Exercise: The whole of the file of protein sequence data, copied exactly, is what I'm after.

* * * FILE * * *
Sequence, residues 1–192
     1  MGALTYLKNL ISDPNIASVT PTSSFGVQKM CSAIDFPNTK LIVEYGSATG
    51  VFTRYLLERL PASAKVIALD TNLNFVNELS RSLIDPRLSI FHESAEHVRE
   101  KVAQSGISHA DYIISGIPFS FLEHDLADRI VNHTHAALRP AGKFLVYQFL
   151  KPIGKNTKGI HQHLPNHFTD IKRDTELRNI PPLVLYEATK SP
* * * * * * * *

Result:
Sequence, residues 1–192
     1  MGALTYLKNL ISDPNIASVT PTSSFGVQKM CSAIDFPNTK LIVEYGSATG
    51  VFTRYLLERL PASAKVIALD TNLNFVNELS RSLIDPRLSI FHESAEHVRE
   101  KVAQSGISHA DYIISGIPFS FLEHDLADRI VNHTHAALRP AGKFLVYQFL
   151  KPIGKNTKGI HQHLPNHFTD IKRDTELRNI PPLVLYEATK SP